All of a sudden "informal" doesn't seem so friendly. It shouldn't. And "informal" doesn't seem very relaxing. It shouldn't. Too often, "informal" ends up meaning unprepared, unprotected, unaware and unemployed. Do not be fooled by informality. This is a very serious and sometimes risky process. Every question from the questioner, no matter how friendly, has a purpose. Every statement the witness makes, no matter how casual, may be written down and used. It is a difficult, often artificial and unnatural, procedure that demands your client's careful attention and preparation. Although an interview is not sworn, meaning the witness will not generally take an oath, it should be treated as if the witness were under oath. Lying in an interview like this is foolish and dangerous. It can be used against a witness in various ways. In some circumstances, it could possibly even mean criminal prosecution. Remind your client to think about it as if he or she had taken an oath to tell the truth, the whole truth and nothing but the truth, with a particular focus we discussed in prior podcasts on nothing but the truth.
How Clients Should Approach Interviews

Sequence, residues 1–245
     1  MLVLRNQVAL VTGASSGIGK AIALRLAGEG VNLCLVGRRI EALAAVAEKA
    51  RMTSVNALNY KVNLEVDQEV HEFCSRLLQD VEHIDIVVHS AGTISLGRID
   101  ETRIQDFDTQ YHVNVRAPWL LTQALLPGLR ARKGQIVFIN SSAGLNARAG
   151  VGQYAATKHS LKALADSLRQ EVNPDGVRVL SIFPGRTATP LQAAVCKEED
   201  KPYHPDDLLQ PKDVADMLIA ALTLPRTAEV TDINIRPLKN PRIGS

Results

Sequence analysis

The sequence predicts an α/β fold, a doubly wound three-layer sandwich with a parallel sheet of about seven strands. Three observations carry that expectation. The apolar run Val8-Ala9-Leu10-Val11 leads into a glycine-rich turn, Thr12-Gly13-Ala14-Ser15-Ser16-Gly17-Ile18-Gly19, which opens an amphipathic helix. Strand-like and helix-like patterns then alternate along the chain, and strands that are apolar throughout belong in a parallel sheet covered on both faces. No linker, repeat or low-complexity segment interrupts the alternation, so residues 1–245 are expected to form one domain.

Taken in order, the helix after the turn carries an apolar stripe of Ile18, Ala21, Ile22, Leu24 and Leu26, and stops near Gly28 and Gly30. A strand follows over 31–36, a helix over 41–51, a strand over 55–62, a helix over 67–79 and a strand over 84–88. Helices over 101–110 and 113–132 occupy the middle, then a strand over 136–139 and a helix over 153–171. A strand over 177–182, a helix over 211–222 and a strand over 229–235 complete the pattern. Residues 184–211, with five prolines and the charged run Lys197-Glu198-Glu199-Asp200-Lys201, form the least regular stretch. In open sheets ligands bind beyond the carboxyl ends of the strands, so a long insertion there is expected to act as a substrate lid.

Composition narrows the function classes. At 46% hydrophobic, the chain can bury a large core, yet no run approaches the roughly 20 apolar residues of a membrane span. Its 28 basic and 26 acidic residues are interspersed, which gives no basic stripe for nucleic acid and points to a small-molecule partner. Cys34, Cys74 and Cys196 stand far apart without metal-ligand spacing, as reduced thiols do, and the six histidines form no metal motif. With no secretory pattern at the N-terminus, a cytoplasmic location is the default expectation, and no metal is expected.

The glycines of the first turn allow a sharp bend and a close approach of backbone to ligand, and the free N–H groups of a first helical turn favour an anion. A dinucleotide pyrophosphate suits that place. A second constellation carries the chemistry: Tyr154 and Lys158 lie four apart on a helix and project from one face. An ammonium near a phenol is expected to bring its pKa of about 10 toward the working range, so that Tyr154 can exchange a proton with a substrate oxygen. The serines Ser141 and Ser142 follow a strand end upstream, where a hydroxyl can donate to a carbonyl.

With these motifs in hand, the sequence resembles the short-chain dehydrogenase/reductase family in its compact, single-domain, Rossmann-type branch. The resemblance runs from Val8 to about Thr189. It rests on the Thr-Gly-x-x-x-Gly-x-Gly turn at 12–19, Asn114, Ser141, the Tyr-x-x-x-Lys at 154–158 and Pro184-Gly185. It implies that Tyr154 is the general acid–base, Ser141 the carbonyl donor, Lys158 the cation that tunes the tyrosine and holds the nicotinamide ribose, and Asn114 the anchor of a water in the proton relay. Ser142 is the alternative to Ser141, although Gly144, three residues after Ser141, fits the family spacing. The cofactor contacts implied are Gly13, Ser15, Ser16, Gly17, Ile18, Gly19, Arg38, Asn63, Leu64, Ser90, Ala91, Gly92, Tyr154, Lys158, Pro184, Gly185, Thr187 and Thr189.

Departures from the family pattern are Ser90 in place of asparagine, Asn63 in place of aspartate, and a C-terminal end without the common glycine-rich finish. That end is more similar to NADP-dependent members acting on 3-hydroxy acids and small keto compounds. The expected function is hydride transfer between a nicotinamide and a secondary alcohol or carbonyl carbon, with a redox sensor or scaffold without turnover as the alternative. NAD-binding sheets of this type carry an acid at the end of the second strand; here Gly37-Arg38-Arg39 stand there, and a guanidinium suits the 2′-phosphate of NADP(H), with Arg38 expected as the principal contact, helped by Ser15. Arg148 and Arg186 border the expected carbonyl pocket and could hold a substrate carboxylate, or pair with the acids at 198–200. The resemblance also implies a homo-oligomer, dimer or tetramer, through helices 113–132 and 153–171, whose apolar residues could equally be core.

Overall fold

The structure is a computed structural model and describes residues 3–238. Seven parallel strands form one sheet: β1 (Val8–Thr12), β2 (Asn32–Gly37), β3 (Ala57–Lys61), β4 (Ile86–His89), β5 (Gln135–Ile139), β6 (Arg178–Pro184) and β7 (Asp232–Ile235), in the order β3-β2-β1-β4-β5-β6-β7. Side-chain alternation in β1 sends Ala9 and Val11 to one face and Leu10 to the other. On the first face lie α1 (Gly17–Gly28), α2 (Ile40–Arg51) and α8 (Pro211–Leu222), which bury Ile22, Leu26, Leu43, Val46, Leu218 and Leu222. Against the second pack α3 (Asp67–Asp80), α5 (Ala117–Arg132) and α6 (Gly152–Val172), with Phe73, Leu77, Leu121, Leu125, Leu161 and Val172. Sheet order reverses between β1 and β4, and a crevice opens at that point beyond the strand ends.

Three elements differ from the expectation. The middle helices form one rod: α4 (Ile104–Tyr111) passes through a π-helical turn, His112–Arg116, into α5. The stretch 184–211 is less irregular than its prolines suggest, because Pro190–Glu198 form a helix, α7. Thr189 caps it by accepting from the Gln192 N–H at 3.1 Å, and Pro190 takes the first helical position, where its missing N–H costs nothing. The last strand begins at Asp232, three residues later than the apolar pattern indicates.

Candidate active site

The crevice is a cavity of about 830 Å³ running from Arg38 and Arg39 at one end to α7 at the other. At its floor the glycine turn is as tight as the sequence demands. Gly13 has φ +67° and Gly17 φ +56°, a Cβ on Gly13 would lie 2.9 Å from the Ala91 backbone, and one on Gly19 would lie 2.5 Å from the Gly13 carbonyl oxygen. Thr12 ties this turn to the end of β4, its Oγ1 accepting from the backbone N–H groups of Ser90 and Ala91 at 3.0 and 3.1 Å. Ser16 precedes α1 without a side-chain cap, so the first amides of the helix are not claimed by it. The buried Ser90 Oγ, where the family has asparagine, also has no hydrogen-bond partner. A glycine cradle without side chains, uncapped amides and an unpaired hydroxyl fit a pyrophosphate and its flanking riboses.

Interviews can happen in different places: a home, an office — either the attorney's, the client's or the questioner's — online via zoom or some other neutral territory. They can also be done by many different types of questioners: government or private investigators, government or private lawyers, or others. Moreover, they may sometimes be done with different ground rules: for attribution or not, under immunity or not, confidential or not. You need to work with your client to decide what is best in each particular case and what the questioner must or might agree to. Of course, this assumes that you have the opportunity to speak with the witness beforehand. Get two key points across to your clients. First, once the matter has progressed to where you feel the need to consult with counsel, you should treat any and every communication about the matter outside counsel's office as if it were sworn testimony. Be fully prepared, alert and careful. Second, if you are ever approach to be interviewed without counsel, you should politely, firmly and immediately decline, and refer whoever it is to your lawyer. Just take their name and phone number and tell them you will have a lawyer get back to them. This is far too important for playing games, and once the witness starts answering, oh, just a few questions, it can be very hard to stop. The irony here is that the testimony format, which seems much more difficult because it's so formal, is actually in some ways easier. That's because it's more obvious. All the formality and trappings of the testimony, the oath, the court reporter and so on act as giant red flags to remind the witness constantly of the need for caution and for discipline. The seemingly less formal interview setting can cause a witness to forget that discipline, lulling him or her into a false sense of security.